In the so-called Robber Baron era, you could build pretty much anything you wanted, offer it to the public, and make a fortune if they went for it. Nowadays, vendors in most industries are strictly limited in what they may sell by regulation, and potential customers in most industries are similarly limited. Outside of electronics, computers, and the arts, there are few new things that someone could come out of left field with and put on the market without playing years of Mother May I, and perhaps more important, every step of the process of incremental improvement is similarly hobbled.

    It’s not surprising that we’ve wound up with depressed return-on-investment for venture capital.

  6. I’m with Ken. The opportunities which seem to be realistically within our grasp are greater than our ancestors could have dreamed of, as he has repeatedly pointed out on this blog. The obstacles are not technological, but political and legal, and therefore theoretically subject to change. The problem is that the stakeholders in the status quo are very powerful.

  7. I believe this reinforces Ken & Ric’s arguments: Googling for the note on Borlaug, the following argument came from a supporter (but detractors also pop up in such searches):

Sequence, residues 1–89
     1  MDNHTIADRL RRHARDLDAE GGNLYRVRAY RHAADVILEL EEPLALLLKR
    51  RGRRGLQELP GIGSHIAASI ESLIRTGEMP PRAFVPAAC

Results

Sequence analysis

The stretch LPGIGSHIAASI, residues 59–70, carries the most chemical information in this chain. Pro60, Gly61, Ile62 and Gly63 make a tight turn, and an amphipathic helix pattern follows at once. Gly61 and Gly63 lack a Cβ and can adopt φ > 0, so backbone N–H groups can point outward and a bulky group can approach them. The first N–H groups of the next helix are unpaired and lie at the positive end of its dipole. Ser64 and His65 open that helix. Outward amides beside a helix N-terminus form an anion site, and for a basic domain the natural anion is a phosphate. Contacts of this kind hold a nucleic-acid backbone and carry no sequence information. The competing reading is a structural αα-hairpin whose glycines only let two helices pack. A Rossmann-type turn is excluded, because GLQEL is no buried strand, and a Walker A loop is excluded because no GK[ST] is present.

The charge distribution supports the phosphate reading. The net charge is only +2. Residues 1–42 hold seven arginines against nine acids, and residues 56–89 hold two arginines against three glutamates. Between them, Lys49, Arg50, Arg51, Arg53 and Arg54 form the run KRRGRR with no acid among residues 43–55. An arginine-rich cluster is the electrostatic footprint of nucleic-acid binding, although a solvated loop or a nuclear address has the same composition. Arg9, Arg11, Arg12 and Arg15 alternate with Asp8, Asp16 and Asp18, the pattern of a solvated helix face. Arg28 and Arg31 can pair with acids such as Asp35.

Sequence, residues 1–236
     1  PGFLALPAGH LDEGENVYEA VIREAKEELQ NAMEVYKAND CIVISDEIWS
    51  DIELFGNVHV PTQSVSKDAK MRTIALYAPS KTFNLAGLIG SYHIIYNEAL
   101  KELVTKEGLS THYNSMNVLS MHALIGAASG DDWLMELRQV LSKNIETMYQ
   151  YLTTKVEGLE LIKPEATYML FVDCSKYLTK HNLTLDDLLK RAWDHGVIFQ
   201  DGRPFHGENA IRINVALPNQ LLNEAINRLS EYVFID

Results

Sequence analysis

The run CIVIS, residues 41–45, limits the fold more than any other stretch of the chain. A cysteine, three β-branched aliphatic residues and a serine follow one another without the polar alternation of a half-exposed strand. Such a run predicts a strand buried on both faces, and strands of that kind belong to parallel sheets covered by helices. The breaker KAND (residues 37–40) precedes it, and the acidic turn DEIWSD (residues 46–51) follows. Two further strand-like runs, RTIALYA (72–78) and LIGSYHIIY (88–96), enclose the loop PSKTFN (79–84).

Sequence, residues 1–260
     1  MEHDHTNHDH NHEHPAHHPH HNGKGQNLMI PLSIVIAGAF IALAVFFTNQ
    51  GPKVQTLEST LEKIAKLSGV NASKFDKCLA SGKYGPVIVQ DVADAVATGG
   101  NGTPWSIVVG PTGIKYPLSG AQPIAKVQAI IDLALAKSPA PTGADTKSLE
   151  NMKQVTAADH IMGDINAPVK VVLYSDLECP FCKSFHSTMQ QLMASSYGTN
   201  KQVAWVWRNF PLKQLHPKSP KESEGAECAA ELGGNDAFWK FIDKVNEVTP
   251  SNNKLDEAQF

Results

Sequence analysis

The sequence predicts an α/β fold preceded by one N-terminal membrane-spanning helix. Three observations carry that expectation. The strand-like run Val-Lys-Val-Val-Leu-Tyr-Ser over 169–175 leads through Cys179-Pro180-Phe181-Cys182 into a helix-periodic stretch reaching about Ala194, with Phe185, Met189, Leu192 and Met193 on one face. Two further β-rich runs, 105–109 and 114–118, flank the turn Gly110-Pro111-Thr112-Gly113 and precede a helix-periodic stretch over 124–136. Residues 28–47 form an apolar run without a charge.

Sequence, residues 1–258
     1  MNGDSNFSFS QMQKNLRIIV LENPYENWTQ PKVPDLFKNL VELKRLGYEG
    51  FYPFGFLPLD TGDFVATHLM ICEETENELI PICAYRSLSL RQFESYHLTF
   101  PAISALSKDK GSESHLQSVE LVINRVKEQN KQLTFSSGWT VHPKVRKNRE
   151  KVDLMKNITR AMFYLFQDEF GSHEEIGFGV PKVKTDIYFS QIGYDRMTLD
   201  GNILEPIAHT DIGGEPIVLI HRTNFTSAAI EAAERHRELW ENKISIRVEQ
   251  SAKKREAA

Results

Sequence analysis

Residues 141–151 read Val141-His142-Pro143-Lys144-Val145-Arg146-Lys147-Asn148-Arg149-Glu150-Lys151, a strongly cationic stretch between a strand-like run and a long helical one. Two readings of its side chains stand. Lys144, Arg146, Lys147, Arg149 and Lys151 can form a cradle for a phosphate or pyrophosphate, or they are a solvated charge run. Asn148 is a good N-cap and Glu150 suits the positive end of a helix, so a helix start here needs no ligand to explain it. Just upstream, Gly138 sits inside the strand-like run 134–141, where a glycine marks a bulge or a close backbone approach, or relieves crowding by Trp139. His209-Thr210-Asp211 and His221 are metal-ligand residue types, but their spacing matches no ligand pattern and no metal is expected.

Borlaug . . .thinks famine will only be stopped when poor countries develop their own high-yield crops, use chemical fertilizers and genetically enhanced crops, and nurture regional food economies. The best target for charity is not buying food from rich countries and sending it to poor countries but making poor countries self-sufficient by helping them use high-tech agricultural science.Amazingly, a large coalition of European and American organizations actively oppose Borlaug’s ideas for poor countries with starving peoples. Organizations such as Jeremy Rifkin’s “Pure Food Campaign” see the scientific techniques of modern agriculture as the evil knowledge of international agribusiness. Such organizations want instantaneous, egalitarian land reform combined with organic farming to create self-sufficient, eco-tourist-friendly countries. Even though genetically enhanced golden rice (rice containing a bit of carrot) could get vitamin A to African kids and hence prevent thousands from going blind, Greenpeace and the David Suzuki Foundation oppose planting such rice..